Many employers – such as United Airlines, Tyson Foods, Google, and the federal government – have decided to make the COVID-19 vaccine a condition of employment. Other employers have opted for a gentler approach: all employees must either be vaccinated or produce negative COVID-19 tests on a regular basis.
We previously blogged about an emerging trend in wage and hour litigation surrounding mandatory temperature checks for employees. Mandatory COVID-19 testing policies are likely to spark similar litigation. Specifically, employers need to know whether their employees are entitled to compensation for time spent waiting for, and receiving, COVID-19 tests. As we previously blogged, The Supreme Court has said that only “principal activities” are compensable under the Fair Labor Standards Act (FLSA), which are defined as those activities that an employee is employed to perform, including all activities which are an integral part of their principal activities. Under this definition, an employer may be obligated to pay an employee for time spent performing activities outside of their regular shift times – such as getting a COVID-19 test.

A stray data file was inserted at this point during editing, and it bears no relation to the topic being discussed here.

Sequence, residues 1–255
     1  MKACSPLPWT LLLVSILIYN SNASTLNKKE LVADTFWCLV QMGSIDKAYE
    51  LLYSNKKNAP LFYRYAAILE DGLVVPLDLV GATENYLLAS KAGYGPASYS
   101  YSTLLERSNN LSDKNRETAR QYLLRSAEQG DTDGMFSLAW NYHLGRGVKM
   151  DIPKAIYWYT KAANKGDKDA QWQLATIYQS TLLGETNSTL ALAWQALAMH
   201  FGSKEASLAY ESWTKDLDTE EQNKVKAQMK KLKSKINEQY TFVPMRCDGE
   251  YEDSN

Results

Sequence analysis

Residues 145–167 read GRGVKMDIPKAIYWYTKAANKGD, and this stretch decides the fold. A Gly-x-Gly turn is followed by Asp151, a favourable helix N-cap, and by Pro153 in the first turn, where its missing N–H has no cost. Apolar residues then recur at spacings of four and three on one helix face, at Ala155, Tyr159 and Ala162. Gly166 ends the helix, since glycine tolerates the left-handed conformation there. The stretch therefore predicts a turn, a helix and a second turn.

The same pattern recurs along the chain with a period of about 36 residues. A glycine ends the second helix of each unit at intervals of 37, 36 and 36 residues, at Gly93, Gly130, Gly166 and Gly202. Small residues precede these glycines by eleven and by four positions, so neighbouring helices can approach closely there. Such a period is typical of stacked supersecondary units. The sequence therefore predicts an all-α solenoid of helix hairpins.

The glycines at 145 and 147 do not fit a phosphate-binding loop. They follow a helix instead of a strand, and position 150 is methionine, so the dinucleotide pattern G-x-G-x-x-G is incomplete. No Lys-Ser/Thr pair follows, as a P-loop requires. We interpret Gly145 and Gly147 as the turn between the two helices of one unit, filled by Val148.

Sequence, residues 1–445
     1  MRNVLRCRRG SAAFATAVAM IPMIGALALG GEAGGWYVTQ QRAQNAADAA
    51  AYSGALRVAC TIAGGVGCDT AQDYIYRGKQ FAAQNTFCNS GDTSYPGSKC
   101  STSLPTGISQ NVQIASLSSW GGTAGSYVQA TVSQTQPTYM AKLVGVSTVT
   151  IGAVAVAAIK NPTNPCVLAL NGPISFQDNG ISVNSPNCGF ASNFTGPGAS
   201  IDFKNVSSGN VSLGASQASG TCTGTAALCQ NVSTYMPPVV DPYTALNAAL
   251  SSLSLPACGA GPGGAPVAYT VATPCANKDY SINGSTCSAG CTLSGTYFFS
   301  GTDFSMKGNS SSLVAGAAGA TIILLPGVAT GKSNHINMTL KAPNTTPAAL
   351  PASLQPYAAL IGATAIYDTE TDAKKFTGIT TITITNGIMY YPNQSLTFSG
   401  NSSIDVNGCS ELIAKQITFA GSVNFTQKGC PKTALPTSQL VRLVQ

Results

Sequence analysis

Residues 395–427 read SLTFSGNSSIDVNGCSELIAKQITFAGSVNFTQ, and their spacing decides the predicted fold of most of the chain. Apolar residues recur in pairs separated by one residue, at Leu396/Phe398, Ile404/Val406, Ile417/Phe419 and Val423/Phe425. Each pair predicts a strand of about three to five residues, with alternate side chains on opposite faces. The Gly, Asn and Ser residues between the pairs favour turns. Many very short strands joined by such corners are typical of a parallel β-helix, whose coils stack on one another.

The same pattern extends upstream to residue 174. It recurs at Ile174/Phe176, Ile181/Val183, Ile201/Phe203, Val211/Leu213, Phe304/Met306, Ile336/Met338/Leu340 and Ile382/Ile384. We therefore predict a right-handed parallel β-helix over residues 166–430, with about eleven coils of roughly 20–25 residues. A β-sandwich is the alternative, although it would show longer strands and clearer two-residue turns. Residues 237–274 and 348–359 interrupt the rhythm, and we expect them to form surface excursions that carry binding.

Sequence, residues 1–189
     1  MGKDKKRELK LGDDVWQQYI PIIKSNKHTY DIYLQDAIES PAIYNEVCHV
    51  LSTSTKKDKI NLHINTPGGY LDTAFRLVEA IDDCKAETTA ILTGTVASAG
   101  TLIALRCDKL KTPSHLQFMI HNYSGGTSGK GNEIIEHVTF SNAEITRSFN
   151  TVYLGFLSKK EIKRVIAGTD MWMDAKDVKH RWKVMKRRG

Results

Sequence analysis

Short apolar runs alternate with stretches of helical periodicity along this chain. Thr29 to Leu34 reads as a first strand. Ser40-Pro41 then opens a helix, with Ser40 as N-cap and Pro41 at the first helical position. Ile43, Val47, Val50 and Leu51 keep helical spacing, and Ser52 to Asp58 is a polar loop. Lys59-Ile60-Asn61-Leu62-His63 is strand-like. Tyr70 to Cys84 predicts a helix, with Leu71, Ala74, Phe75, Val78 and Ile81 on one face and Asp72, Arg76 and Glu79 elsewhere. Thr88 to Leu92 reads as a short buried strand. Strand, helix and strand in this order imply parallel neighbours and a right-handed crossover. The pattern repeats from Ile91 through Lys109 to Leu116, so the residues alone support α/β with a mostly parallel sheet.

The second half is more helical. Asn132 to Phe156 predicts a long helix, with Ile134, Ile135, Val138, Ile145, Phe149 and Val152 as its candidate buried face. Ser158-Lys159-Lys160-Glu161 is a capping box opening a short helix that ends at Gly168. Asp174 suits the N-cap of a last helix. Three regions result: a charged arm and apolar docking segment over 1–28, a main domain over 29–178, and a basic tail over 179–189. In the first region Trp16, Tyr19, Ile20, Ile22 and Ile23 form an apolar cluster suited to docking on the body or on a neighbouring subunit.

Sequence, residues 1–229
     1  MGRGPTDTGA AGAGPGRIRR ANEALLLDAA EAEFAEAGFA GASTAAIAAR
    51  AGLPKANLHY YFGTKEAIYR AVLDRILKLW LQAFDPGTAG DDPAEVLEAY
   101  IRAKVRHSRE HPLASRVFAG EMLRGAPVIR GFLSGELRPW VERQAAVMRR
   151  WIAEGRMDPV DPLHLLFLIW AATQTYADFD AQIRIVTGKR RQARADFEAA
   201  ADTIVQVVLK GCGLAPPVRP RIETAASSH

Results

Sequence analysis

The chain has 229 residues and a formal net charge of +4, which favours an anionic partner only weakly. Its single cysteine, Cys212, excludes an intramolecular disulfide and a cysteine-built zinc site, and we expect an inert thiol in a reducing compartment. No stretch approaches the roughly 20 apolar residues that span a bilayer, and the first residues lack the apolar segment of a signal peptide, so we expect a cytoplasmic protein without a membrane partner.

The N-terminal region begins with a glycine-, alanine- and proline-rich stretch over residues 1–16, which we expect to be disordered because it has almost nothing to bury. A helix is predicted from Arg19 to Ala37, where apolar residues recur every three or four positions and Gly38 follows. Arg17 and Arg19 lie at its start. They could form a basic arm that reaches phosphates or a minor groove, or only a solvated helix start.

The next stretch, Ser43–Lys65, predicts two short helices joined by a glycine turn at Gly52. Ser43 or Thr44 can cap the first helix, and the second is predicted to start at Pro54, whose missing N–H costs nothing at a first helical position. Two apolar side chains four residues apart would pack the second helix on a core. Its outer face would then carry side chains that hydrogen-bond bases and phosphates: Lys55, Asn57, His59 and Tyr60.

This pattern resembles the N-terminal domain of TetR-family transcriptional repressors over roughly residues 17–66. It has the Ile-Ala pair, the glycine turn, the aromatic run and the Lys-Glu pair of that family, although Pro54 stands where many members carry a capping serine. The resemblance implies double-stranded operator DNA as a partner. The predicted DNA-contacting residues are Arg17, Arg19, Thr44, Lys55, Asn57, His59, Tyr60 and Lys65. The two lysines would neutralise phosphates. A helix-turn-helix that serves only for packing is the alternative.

According to guidance from the Department of Labor, certain employees may be entitled to compensation, while others may not. If an employee’s job requires significant face-to-face interaction (e.g., a grocery store cashier), then COVID-19 testing may be considered a “principal activity.” A desk worker who has their own office, on the other hand, may not be entitled to compensation for mandatory testing.
Employers should also consider conducting testing onsite during work hours. Under the FLSA, non-exempt employees must be paid for all hours they work, and therefore timekeeping issues might arise if employees are left to get tested during their own personal time. These timekeeping issues can be avoided if testing is done onsite at the beginning of an employee’s shift.
If you have questions about COVID-19 testing, or any other area of employment law, contact Thatcher Law Firm at 301-441-1400. www.ThatcherLaw.com. Follow us on: